What is chroma key? 

 Learn how you can use a green screen and some clever editing to add Hollywood-quality visual effects to your movie.    

A film crew capturing an actor working in front of a green screen

It’s easy being green.

From Star Wars to your local TV news station’s weather map, green screen backgrounds are a staple of video production. In post-production, these inexpensive green backdrops can be digitally replaced with any background image the director wants through a process called chroma key.

       

Used in conjunction with video editing software, chroma key can be a powerful tool to enhance your movie with eye-popping effects or make subtle tweaks that your audience will never notice.

A director and a film crew member discussing the details of a green screen shot

Understanding the chroma key effect.

“Chroma keying is using color information to select a very specific range of colors and isolate them,” says professional filmmaker Colin Dougan. “The idea is to utilize the contrast in colors to shift reality and cut our subjects from a background and place them somewhere completely different.”

       

Achieving that contrast is the reason for the bright green — also known as chroma key green — you see on a green screen. Because green isn’t usually present in skin tones or hair color, it’s easy for the video editing software to distinguish between the actors and their background — so long as they aren’t wearing green clothes. If they are, you can instead use a blue screen to create strong contrast with the background. Some studios prefer blue because it is more flattering to skin tones.

       

An editing program like Adobe Premiere can select the background and make it transparent so that you can add whatever you want in its place through a process known as compositing. “In Premiere Pro, the best tool for that is called Ultra Key,” Dougan says. “You can just drag the effect you want onto your clip, and then you just select what color you want it to replace.”

An actor in a spacesuit captured in front of a green screen
An actor in a spacesuit shown on the surface of a planet with chroma key compositing

What chroma key can do.

Chroma key compositing is integral to the filmmaking process on both big and small productions.

 

A director making a science fiction film might take footage of actors in front of a green screen and add an image of an alien planet in the background. Or someone directing a character drama could film actors on a soundstage with green screens outside the windows and then composite a city skyline onto them to give the impression that the scene is taking place in a high-rise apartment.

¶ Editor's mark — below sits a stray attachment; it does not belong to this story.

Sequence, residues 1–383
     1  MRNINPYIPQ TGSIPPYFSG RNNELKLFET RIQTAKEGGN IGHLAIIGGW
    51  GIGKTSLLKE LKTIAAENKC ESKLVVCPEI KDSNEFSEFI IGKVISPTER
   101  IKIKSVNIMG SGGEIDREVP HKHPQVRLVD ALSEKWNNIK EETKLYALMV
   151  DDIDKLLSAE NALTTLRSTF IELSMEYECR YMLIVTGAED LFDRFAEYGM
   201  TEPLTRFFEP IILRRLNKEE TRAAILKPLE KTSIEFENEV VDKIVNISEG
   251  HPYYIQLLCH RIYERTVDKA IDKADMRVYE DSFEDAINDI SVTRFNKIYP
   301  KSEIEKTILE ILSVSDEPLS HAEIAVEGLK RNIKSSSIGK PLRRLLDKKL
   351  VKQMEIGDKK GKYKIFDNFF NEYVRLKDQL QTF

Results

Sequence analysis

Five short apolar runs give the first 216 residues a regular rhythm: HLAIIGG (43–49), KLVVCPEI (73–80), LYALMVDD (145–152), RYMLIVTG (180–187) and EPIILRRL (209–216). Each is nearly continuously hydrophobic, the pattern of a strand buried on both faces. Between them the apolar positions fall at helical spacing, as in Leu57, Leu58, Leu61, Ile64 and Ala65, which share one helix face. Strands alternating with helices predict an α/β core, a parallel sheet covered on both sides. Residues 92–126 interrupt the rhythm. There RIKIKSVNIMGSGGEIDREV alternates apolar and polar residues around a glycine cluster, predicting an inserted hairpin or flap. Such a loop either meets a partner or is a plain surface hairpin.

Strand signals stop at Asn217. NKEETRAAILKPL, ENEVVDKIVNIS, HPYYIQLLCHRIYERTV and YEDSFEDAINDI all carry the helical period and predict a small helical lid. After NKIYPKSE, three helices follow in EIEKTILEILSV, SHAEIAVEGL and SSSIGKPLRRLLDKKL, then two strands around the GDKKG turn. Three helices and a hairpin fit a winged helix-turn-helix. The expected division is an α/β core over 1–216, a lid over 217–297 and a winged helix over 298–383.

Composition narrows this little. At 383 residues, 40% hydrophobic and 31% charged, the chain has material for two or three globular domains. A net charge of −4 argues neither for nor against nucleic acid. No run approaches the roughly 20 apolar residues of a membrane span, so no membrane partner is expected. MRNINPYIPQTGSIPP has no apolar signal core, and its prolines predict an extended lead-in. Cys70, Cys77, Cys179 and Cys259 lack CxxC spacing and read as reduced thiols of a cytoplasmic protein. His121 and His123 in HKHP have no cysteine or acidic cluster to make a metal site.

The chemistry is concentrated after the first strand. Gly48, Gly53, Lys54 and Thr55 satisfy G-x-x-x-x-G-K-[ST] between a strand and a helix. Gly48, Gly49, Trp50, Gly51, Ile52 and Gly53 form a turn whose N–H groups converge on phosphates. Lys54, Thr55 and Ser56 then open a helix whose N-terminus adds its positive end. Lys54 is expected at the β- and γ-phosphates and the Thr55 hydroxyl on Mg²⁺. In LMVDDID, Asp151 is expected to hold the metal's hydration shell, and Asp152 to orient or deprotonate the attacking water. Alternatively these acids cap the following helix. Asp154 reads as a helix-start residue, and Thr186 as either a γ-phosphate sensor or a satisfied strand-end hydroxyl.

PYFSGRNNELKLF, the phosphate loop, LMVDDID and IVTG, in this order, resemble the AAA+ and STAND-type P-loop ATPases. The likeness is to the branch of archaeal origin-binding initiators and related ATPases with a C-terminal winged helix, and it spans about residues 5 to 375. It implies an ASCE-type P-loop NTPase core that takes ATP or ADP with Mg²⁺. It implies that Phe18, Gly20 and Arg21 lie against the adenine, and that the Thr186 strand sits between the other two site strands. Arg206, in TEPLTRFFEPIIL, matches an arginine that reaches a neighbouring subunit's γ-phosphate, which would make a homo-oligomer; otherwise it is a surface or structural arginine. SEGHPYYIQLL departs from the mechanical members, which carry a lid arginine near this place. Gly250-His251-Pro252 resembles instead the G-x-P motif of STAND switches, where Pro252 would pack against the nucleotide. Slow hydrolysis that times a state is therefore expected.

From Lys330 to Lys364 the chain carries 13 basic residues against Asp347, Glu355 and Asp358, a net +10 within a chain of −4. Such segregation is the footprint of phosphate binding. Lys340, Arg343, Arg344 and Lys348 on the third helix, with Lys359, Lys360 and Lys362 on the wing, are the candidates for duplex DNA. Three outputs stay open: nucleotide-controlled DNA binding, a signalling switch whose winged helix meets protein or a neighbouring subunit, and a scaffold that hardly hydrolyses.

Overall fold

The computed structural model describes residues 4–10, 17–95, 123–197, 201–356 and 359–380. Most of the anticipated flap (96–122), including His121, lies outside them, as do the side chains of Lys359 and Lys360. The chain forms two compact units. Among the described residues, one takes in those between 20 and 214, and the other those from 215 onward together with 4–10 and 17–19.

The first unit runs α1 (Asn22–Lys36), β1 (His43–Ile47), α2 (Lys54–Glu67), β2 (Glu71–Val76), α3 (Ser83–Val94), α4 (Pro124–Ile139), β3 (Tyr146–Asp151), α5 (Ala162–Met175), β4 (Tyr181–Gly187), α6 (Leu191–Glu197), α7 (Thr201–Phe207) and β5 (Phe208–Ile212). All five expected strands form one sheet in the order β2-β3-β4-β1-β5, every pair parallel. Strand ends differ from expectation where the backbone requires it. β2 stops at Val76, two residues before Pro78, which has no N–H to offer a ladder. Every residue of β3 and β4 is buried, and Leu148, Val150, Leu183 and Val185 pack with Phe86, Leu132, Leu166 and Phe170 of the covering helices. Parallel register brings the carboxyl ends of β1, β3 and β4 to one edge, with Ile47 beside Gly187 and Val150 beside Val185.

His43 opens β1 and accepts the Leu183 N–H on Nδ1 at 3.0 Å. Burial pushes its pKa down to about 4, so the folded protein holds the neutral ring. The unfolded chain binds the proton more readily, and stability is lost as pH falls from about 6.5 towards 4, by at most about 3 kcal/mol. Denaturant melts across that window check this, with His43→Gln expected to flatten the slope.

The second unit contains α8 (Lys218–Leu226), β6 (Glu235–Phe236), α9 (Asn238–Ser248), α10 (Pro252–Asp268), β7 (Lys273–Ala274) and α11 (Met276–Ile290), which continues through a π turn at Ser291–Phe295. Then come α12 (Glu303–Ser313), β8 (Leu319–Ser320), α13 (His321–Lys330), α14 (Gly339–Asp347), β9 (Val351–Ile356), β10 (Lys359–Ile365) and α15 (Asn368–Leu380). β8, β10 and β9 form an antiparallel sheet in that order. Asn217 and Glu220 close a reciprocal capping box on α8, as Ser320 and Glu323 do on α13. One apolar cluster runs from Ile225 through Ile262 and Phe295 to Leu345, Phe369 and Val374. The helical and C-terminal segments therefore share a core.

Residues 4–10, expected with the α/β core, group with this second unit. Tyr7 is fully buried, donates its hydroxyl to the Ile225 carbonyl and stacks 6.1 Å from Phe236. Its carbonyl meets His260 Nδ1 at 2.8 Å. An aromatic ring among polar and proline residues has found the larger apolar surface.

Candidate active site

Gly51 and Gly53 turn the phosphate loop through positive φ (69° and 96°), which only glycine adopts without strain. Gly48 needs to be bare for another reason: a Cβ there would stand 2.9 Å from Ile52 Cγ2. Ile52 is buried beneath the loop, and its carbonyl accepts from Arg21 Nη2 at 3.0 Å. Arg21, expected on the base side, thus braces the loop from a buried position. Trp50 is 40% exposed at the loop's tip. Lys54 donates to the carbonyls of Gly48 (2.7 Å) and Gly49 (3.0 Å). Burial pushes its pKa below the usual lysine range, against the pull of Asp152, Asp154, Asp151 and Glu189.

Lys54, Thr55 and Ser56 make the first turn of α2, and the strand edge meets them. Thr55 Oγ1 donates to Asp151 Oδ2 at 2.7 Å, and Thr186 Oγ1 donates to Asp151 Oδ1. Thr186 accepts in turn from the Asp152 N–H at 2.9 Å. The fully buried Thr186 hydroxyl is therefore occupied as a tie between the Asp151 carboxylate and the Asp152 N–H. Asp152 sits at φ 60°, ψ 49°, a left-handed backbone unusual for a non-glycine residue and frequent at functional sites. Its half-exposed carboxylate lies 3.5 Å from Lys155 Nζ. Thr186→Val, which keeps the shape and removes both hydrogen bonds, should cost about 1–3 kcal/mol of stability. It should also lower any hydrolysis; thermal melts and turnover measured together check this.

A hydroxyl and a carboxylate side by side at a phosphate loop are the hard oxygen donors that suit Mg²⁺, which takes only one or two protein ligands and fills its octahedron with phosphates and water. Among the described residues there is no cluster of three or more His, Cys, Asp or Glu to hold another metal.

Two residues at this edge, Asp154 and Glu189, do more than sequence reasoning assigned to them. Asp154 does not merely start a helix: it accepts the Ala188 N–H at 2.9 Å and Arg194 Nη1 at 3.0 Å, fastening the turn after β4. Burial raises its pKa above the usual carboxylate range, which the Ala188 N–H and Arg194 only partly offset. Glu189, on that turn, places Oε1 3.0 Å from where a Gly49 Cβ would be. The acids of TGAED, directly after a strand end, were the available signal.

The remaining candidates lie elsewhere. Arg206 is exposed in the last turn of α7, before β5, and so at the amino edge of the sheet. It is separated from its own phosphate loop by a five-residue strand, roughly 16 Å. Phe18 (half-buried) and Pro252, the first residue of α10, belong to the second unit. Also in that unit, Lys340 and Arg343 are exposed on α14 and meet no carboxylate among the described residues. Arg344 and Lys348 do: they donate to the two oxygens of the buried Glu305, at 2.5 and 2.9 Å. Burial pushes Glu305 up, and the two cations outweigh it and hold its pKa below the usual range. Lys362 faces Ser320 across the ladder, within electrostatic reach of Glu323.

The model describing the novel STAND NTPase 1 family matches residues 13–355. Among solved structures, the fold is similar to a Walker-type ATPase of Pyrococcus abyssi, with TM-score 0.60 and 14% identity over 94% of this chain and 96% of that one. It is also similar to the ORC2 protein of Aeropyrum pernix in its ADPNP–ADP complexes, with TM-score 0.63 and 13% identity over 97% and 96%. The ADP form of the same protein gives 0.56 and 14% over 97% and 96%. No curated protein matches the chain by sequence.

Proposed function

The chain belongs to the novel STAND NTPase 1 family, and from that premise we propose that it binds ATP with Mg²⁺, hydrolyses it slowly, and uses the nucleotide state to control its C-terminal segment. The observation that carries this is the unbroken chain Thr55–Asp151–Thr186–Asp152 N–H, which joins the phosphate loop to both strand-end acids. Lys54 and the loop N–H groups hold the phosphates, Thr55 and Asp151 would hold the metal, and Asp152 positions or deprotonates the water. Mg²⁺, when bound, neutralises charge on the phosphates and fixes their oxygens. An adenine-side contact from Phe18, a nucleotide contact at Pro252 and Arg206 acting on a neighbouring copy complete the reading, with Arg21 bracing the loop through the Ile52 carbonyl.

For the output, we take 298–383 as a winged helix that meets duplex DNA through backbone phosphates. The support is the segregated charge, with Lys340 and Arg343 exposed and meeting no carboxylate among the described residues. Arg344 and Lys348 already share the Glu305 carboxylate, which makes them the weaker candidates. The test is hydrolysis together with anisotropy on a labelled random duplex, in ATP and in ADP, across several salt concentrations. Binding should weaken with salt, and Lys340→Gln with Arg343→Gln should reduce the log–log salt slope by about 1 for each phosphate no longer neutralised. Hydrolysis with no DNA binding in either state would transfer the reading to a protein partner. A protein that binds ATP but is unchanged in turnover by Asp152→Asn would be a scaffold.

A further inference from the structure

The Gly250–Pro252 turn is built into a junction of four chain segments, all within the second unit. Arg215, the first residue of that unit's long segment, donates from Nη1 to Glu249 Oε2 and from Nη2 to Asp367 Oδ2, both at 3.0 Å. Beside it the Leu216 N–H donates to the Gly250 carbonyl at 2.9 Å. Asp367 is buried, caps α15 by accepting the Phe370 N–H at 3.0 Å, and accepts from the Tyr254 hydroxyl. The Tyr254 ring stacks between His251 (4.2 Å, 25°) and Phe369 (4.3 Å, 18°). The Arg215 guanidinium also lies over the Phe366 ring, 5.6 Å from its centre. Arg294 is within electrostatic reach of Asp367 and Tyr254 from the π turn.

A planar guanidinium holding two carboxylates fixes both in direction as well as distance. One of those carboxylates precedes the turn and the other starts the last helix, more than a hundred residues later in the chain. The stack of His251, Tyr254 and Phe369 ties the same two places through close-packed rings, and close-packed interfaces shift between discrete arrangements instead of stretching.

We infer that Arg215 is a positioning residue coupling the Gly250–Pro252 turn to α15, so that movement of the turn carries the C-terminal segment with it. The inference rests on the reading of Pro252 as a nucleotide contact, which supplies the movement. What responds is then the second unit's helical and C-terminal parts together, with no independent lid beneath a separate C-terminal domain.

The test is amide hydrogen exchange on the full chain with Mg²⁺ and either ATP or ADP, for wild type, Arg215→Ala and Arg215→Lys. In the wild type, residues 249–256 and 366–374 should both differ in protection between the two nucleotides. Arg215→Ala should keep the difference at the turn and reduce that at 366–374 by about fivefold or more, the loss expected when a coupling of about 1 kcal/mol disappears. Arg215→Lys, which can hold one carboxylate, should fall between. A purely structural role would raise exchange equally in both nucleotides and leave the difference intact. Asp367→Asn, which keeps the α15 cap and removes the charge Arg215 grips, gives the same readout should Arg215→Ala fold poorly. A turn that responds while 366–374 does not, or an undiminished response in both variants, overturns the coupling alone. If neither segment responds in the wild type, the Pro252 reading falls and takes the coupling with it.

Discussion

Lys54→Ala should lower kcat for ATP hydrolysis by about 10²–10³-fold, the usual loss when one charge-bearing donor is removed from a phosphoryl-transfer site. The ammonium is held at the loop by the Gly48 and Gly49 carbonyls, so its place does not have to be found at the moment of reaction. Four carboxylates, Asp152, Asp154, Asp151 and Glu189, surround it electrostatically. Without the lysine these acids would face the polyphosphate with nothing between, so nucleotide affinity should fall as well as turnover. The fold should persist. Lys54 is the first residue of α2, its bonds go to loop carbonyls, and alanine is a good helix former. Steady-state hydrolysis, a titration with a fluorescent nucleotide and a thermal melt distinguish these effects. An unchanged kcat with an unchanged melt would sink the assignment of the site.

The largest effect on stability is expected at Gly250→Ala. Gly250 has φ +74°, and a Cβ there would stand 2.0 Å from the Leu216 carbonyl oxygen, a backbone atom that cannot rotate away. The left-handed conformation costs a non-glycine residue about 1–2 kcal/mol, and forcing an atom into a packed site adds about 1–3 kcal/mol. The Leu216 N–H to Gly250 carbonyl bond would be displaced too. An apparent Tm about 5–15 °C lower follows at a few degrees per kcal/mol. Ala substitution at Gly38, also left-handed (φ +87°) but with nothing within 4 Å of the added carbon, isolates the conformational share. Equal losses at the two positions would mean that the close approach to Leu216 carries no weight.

You can use chroma key to safely add special effects to your movie as well. For example, you could film an explosion in front of a green screen in a controlled environment, then composite that explosion into the background of a battle scene to create a realistic sense of peril without endangering any actors.    

 

But the green screen effect can also remove unwanted details from a movie. When shooting action scenes that involve stunts, filmmakers use harnesses and other safety equipment that are painted green, blue, or another key color so they can easily be made transparent and hidden from view.       

How to get the most out of your green screen.

Shooting a green screen scene can be simple, but it’s important to pay attention to some key details to ensure that the chroma key effect can work as intended.

                

“My number-one tip for using a green screen is to make sure you’ve got a very large one,” Dougan recommends. “You want to make sure it’s covering everything in the background, because if not, you’re going to have to mask out little corners of your screen. And you want to make sure it’s very evenly lit, or else it’s going to look really bad.”

       

While any surface that’s the right green color will work for chroma key, some are more cooperative than others. “You can use a blanket; you can use any sort of green material,” Dougan says. “But please make sure that you remove any wrinkles if you are using a foldable material. Because if there are wrinkles, they will create deep shadows, which you’ll have to spend time trying to mask out.”

       

If actors are standing too close to the green screen during filming, green-tinged light reflecting onto them from the screen can lead to an error in the chroma key process called spilling, when the composited background image begins to bleed onto the actor’s body. “For that, I use a tool in Premiere Pro called Spill Suppression,” Dougan says. “It’s able to desaturate the color range and help you with spill cleanup.”

       

Whether you’re using it to change the time of day or transport your actors to another world, chroma key is a dynamic and affordable piece of movie magic.

Contributor

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